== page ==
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Dilbert sits at his desk with paper and a calculator. Dilbert says, "Ah hah! Just as I suspected." Dilbert shows Dogbert a piece of paper and says, "Here it is: mathematical proof that attractive single women exist only in white Volkswagen Rabbits and aerobics classes." Dogbert asks, "How do you explain Vanna White?" Dilbert says as he walks away, "I wonder if Isaac Newton had a dog." Dogbert adds, "Or a girlfriend."
Dilbert walks down the hall thinking, "It's so awkward to walk past strangers in hallways; you always gotta avoid eye contact." Dilbert thinks, "I know - I'll wait until we're near and then pick up that little piece of fuzz on the carpet there." Dilbert arrives at home with a bandage on his head. Dilbert tells Dogbert, ". . . Then we both went for the carpet fuzz." Dogbert replies, "Smooth."
Dilbert sits at his desk with drafting tools in front of him. Dilbert looks at a piece of paper and says, "This design could change the way the world barbecues. No more struggling with charcoal." Dilbert shows the paper to Dogbert and says, "This schematic shows how an electrically induced coil-like medium can heat food without charcoal or lighter fluid!" Dilbert continues, "I call it the Max-10 Energy Transfer Model." Dogbert asks, "Did the name 'Electric Stove' occur to you at any time?"
Dilbert approaches the mailbox saying, "Oh, please, please, please . . ." Dilbert opens the mailbox and says, "Yay! It's here!" Dilbert walks away carrying a piece of bread. Dilbert says, "Nothing quite matches the thrill of the 'Toast of the Month Club!'"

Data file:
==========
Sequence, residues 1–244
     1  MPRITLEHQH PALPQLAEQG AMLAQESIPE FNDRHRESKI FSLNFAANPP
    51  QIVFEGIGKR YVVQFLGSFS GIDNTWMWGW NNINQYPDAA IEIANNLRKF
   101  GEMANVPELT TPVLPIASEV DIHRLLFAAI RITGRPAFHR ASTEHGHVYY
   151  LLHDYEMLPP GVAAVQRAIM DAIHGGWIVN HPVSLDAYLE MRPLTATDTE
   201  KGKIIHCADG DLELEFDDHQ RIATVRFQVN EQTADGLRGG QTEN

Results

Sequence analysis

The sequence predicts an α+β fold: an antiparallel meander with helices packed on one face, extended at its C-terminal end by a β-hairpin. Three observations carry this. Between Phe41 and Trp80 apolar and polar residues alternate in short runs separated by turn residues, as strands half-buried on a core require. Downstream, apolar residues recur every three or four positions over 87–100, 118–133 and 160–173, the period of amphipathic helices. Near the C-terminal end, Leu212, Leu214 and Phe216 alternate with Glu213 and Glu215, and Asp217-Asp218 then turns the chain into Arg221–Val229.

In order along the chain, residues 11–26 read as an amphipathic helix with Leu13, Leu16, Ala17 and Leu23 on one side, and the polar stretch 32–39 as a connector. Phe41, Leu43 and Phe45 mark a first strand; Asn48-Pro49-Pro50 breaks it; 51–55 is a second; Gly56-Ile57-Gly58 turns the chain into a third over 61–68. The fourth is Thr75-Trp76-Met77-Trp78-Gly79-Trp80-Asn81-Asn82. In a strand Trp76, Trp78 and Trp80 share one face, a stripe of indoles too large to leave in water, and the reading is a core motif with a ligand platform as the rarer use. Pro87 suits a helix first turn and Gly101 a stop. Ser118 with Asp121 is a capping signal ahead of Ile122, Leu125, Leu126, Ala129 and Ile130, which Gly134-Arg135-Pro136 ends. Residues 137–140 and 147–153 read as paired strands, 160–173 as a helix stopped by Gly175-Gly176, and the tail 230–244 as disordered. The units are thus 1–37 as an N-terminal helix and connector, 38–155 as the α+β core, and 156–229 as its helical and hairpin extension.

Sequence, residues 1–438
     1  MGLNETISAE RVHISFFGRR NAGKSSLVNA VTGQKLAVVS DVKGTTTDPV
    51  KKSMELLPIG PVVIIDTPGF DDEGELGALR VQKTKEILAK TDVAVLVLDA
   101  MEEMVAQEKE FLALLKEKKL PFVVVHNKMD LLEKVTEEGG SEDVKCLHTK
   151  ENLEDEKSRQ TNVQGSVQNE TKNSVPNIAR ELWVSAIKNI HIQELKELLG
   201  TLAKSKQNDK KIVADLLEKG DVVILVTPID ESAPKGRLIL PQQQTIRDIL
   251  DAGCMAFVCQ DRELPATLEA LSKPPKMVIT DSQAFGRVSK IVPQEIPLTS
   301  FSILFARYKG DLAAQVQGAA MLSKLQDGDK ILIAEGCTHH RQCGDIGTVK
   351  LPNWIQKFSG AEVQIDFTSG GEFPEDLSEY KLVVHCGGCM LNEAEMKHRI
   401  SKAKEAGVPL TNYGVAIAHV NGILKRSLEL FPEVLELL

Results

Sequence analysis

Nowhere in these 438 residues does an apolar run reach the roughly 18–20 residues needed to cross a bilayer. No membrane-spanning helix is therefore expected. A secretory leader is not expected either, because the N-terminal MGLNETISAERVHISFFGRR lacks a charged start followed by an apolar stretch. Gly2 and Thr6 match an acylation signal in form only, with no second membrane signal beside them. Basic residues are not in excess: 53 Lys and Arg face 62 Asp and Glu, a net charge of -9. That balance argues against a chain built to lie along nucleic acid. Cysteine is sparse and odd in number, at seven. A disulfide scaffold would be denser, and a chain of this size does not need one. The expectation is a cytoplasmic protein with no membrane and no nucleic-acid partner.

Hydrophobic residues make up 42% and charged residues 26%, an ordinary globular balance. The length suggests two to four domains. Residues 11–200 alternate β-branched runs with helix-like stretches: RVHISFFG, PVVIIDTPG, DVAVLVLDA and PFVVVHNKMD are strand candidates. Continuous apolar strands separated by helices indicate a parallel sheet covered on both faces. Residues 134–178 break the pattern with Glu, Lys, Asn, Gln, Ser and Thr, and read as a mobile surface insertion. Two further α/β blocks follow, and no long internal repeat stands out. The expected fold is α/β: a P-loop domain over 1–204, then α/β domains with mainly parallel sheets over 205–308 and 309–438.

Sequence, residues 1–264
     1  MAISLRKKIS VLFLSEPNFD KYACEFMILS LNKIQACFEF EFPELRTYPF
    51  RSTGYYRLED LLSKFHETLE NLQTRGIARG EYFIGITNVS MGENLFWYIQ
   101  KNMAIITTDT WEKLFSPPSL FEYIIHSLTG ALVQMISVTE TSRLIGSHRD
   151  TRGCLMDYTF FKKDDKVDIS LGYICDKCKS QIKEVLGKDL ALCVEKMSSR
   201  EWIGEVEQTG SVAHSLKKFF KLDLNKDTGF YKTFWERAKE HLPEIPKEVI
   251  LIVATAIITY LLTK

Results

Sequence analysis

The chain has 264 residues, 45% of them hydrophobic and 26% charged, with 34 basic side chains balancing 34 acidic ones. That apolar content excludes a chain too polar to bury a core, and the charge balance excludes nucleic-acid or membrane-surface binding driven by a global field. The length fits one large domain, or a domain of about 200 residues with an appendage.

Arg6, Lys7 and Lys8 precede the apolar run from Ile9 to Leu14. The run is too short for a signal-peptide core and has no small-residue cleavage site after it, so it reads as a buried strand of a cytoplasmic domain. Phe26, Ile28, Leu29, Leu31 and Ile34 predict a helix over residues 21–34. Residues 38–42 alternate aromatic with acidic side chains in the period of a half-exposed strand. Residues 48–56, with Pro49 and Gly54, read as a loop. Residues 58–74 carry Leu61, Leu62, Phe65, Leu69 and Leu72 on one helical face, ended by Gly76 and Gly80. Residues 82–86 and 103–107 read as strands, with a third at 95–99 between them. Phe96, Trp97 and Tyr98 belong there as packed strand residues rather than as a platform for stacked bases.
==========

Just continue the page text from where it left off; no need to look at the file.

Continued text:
Dilbert reads a piece of mail and says, "Wow! And I thought this was just more junk mail!" Dilbert sits in his chair and says to Dogbert, "All I have to do is drive two hours and listen to their condo sales pitch. I'm GUARANTEED to win a Jeep Cherokee or a valuable mock emerald." Dogbert responds, "That emerald will go pretty well with your mock brain."
Dilbert asks Dogbert, "Care to join me for a walk?" Dogbert answers, "Sure." Dogbert says, "I hope you aren't planning to chew that gum at the same time." Dilbert says as he puts a piece of gum in his mouth, "Very funny." Dilbert lies on the ground with gum sticking to his feet, his arms and Dogbert. Dilbert says, "Boy! This is a lot harder than you would think." Dogbert growls.
Dilbert kneels on the floor looking at a plant in a broken pot. Dilbert says to Dogbert, "It's weird . . . I was just talking to it like I ususally do and it fell off the desk . . ." Dogbert asks, "What's this little piece of paper?" Dogbert reads, "I couldn't take it anymore . . ."
Dogbert stands at a desk writing on a piece of paper. Dilbert asks, "What's all the writing for?" Dogbert replies, "It's called 'affirmations.'" Dogbert explains, "The theory is that if you write down your objective fifteen times a day, the objective will be achieved, no matter how unlikely." Dilbert reads the affirmation and says, "But you've written 'Dilbert will be eaten by a garden slug.'" Dogbert replies, "It's all I could think of."
The caption says, "Dogbert continues his reckless experiment with the powerful force of 'affirmations.'" Dilbert watches Dogbert write on a piece of paper and asks, ". . . What if this actually works?" Dilbert asks, "Can you really cause me to be eaten by a garden slug just by writing it down over and over?" Dilbert continues, "What am I saying? Logically, there's no way this could work." Dogbert says, "Don't get too far from salt."